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On Track with SAAS Alum Chaffee Burke ’02 & his Career from Policy to Tech

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Written By: Gena Wynkoop, Editorial Content Manager

Chaffee Burke’s career path didn’t unfold as he initially envisioned.

“I would never have guessed that this is where I would go at the beginning of my career,” said Chaffee, Seattle Academy (SAAS) alum from the class of 2002, who works as the Principal Solution Owner at Slalom, a far cry from his early interest in politics, history, and theology in school. 

“I distinctly remember my teachers and the education I got at Seattle Academy. I remember going to college my first year and feeling like my English and History classes were a breeze because I knew the content already, and I knew how to write a strong essay.”

Chaffee was always drawn to the humanities while at SAAS but recalls Youth Legislature with Steve Retz as a big part of his time as a Cardinal, adding that some of the lessons he learned he still carries with him today.

“Youth Legislature was a huge part of my Seattle Academy experience. We got to pretend we were state legislators and go down to Olympia and come up with and hopefully ‘pass’ laws,” said Chaffee. “Having access to activities like those and being armed with the knowledge and confidence to speak up is definitely something that has served me well in life.”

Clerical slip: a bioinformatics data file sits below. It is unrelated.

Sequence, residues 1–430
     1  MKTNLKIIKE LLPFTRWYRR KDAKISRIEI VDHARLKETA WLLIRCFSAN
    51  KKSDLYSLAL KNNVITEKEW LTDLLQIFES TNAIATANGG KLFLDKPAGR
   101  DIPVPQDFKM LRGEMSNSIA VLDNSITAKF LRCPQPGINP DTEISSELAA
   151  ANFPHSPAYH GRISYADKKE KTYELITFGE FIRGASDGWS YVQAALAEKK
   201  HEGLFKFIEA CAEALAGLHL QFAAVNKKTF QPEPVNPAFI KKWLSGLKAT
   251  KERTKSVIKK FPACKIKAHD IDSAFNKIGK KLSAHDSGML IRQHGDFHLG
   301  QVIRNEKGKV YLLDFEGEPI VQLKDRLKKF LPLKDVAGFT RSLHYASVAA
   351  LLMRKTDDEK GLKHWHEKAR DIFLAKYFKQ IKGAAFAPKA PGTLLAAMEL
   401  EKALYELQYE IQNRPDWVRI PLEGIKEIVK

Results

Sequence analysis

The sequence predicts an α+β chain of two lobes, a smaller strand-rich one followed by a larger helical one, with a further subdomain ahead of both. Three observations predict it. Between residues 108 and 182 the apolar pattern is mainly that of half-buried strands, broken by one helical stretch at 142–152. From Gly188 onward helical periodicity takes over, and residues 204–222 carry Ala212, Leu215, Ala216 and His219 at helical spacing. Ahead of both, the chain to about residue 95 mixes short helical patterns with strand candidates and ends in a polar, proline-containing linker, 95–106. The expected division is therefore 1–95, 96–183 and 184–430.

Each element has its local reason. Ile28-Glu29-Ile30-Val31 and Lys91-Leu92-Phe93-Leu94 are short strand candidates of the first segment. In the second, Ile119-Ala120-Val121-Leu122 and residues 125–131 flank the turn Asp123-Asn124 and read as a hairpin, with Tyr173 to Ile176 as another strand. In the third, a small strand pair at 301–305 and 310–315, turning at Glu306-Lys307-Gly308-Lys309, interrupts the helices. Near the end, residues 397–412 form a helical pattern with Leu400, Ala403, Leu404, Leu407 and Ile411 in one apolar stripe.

Those academic interests cultivated at SAAS continued to Chaffee’s studies at The University of San Francisco. “I ended up majoring in politics, theology, and history. Go figure, I work in technology,” laughs Chaffee. 

That move to technology happened gradually and organically. After graduating from college, he moved to Washington D.C. with the hopes of getting involved in international politics and policy. “I found out that I didn’t really have the pedigree or access to some of the opportunities that I was hoping for. On top of that, finding a job that was going to pay well was kind of difficult.”

Chaffee then found a job with a small consulting firm in Charlottesville, Virginia, that worked primarily for the EPA, the United Environmental Protection Agency, which worked internationally on carbon registries. Over the years, that small firm became the only firm that monitors all of the emissions from power plants across the entire USA.

Chaffee navigated the intricate landscapes of consulting firm acquisitions in D.C., and during this period, his attention turned toward international policy concerning carbon cap and trade. However, he discovered that his passion was not poring over policy documents.

“I like interacting and talking with people and making things happen to a certain extent. There was more opportunity in ‘making things happen’ in technology, so through luck and opportunity, I kind of stumbled into running large, complicated technology projects.”